It's not enough at this stage to dig for the roots of issues and discover the lame, pat answers that are popular in the media. Analyzing your overeating and saying, "I eat when I'm bored," doesn't really mean much and is not helpful in making different choices. It's important to know why you eat when bored (as opposed to doing something else), why you are bored, and how eating fulfills your needs at such times in a manner that makes it the most favorable (or indeed, only) choice for you. The problem is more likely that you're tired and seeking the most expedient, simple, and gratifying stimulation. The root cause may be being overwhelmed or exhausted, not eating while bored. Dig deep and then dig deeper about what you have unearthed. Deal with the core issues and it'll be easier to make different choices since they won't be driving the ones you are making now.

Don't assume the core is the first answer you find. In fact, it may not even be the second, third or fourth one. Sometimes tunneling down into your motivations and understanding yourself is a years-long excavation project. It is worth the time and effort because it will free you to make different choices by removing the forces motivating your current ones.

2. Analyze "failure".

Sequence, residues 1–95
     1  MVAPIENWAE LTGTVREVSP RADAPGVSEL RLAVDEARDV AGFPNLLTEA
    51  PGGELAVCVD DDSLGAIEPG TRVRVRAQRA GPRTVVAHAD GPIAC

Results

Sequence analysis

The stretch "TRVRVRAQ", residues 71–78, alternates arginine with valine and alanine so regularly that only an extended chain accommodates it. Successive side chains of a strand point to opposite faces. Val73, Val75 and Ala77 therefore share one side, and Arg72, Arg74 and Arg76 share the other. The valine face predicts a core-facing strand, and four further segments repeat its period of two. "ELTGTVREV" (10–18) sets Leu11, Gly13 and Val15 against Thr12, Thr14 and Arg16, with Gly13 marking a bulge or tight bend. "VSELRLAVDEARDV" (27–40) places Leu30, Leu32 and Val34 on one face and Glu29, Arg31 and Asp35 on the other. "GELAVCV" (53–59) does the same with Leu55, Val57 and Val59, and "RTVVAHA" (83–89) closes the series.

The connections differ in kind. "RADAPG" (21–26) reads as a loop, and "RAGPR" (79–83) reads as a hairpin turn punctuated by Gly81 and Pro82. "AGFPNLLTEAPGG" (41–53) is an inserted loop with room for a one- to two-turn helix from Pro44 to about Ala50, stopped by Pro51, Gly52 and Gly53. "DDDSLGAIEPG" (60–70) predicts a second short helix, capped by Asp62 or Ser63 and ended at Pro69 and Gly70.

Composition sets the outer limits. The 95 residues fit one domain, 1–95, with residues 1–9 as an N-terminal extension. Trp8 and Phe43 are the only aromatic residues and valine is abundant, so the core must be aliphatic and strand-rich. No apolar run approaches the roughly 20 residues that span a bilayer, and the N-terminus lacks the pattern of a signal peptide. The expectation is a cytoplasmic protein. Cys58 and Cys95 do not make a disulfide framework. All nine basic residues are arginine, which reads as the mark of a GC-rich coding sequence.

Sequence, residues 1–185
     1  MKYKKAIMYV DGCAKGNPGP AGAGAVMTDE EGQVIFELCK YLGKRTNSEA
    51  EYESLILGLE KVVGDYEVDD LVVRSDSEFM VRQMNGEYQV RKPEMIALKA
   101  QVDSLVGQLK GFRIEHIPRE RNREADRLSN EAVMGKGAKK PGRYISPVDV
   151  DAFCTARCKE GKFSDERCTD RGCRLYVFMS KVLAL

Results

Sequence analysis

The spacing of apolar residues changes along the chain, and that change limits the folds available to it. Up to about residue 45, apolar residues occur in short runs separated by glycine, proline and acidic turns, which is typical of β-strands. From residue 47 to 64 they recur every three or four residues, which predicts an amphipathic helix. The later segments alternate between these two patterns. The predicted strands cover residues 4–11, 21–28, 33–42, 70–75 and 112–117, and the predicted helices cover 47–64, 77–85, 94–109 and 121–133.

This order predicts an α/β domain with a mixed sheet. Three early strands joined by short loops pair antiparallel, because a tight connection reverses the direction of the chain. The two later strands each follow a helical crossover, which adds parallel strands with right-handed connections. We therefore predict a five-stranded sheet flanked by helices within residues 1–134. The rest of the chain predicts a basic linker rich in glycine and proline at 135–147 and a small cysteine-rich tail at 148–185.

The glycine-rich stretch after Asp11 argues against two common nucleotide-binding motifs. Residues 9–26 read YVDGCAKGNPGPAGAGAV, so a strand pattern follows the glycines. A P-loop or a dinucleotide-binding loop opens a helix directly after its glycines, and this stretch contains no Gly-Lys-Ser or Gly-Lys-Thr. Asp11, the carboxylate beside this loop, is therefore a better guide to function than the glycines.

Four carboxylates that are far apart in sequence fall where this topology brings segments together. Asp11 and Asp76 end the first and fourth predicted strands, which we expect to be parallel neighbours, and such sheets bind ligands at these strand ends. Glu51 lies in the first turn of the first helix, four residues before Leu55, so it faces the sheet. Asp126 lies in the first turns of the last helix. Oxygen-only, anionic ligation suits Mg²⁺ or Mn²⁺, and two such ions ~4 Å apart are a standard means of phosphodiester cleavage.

Failure is seen as a crushing defeat or the indication that one is unable to change. That is not what failure to change is all about. It's the ultimate consequence of making a choice you are not capable of at this point in time. It's too much too soon, more than you can accomplish at this time, or the result of setting things up such that you can't succeed. And the "you" in this case is very personal. I may be able to do something right now that you cannot because my life, body, and mind are different than yours. That does not mean I succeed and you fail or that I am in any way "better" or "stronger" than another person. It means we have different choices that we can make at this point in time based on individual circumstances. Make the choices that are in your current ability to make and be patient.

3. Anticipate and prepare for a psychological backlash, even for small changes.

People like to believe psychology is a ridiculous psuedo-science which has nothing of value to offer "sane" and "normal" people. Part of this is because they are ignorant of the complexity of psychological study and believe it applies only to "crazy" people or deeply effected individuals. Another is that they think only serious disorders can benefit from analysis and yet one more is that they fear that people with psychological study under their belts can see things they don't want seen so they reject psychological analysis out of hand. To this I say, "grow up and get over it". If you are so entrenched in your need to be "normal" that you reject all analysis as hooey, then you probably do have an issue.